Tata Kuvudundu Quotes in The Poisonwood Bible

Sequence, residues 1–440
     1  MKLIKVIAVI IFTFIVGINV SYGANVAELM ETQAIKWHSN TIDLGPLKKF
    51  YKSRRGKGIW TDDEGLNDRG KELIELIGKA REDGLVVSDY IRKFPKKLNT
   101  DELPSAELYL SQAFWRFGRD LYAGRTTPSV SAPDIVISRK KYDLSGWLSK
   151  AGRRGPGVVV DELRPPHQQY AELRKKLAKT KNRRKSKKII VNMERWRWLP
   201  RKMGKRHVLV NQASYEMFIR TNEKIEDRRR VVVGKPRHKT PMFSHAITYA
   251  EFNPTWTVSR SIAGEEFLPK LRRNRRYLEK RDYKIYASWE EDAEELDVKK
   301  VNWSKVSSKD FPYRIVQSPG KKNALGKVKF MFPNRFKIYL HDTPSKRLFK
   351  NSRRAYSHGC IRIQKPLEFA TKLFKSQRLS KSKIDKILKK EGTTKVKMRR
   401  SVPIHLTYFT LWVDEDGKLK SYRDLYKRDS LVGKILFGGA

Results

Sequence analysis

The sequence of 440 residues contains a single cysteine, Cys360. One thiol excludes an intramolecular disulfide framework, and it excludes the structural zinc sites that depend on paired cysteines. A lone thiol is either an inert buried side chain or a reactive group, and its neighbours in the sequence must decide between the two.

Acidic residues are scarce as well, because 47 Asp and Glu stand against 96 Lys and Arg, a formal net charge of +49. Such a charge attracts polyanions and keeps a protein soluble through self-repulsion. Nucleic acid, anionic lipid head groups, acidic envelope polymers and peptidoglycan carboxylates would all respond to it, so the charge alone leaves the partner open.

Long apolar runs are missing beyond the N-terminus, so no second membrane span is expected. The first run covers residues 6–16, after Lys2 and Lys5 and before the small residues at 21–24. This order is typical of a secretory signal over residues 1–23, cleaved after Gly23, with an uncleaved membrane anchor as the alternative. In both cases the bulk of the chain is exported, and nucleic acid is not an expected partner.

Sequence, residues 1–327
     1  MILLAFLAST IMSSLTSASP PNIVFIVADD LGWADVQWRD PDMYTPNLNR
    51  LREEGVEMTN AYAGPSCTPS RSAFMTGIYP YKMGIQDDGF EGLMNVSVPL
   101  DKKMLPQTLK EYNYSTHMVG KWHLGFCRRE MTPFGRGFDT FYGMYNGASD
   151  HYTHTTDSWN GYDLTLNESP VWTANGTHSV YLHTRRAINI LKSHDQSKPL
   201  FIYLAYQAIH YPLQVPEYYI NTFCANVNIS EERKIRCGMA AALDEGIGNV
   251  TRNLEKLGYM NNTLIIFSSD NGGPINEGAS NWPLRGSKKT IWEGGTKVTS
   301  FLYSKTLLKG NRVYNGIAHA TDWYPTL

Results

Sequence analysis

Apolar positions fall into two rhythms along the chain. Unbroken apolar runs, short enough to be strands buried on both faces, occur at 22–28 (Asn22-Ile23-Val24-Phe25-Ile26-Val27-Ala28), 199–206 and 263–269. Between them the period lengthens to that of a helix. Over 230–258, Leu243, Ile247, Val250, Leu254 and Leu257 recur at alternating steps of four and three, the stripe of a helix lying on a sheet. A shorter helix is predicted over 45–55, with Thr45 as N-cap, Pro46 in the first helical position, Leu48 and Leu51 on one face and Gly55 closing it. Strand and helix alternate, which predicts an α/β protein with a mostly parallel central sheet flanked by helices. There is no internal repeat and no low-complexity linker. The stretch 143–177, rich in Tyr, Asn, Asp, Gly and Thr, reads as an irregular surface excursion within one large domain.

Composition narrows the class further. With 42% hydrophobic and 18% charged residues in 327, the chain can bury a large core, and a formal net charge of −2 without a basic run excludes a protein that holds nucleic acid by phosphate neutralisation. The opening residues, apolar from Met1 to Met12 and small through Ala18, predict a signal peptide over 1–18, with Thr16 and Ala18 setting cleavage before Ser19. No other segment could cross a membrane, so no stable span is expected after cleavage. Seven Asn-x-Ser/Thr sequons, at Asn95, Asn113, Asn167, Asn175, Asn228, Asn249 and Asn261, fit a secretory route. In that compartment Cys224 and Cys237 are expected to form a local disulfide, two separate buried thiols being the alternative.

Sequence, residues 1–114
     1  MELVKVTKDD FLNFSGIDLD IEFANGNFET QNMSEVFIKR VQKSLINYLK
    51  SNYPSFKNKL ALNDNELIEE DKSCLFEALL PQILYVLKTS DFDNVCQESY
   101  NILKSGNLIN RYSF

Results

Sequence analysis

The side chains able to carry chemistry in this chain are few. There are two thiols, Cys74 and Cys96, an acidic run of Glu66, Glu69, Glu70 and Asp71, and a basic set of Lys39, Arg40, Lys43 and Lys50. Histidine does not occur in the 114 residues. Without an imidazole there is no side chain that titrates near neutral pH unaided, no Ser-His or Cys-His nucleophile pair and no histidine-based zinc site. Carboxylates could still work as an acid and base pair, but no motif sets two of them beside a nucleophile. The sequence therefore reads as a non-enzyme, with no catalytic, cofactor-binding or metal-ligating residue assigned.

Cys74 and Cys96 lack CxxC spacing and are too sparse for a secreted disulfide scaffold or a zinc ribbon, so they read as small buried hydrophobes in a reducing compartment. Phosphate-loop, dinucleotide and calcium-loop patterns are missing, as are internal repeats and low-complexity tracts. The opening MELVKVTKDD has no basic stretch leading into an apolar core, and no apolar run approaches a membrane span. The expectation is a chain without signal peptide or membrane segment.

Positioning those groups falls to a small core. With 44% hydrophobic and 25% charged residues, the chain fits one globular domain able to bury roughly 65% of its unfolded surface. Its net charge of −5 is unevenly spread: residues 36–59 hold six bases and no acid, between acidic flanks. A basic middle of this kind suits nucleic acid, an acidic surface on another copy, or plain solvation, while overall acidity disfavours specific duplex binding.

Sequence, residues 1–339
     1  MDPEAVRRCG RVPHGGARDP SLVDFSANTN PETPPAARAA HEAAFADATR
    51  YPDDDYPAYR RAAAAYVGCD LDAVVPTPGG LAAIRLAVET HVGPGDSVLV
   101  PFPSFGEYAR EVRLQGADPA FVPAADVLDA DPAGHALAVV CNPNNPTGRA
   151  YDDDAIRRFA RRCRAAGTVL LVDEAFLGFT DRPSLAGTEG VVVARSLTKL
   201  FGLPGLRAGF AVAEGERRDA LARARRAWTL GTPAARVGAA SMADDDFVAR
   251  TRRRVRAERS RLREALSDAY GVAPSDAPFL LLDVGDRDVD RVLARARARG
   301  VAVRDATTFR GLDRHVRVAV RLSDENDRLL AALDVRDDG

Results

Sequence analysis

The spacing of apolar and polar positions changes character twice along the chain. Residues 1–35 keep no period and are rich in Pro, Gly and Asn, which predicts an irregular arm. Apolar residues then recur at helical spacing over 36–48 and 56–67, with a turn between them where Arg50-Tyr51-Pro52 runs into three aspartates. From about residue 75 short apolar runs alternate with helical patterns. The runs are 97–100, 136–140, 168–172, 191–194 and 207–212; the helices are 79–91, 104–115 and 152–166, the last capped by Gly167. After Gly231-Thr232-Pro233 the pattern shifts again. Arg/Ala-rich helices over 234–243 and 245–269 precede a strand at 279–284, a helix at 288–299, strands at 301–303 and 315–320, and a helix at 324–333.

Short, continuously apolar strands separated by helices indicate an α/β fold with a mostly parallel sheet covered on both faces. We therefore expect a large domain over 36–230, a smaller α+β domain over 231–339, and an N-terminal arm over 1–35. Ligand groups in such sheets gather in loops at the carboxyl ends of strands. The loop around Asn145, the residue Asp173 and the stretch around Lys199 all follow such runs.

And so it came to pass that the normal, happy event of dividing food after a hunt became a war of insults and rage and starving bellies. There should have been more than enough for every family. But as we circled to receive our share of providence, the fat flanks of the magnificent beasts we’d stalked on the hill shrank to parched sinew, the gristle of drought-starved carcasses. Abundance disappeared before our eyes. Where there was plenty, we suddenly saw not enough. Even little children slapped their friends and stole caterpillars from each other’s baskets. Sons shouted at their fathers. Women declared elections and voted against their husbands. The elderly men whose voices hardly rose above a whisper, because they were so used to being listened to, were silenced completely in the ruckus. Tata Kuvudundu looked bedraggled and angry. His white robe was utterly blackened with ash. He raised his hands and once again swore his prophecy that the animals and all of nature were rising up against us.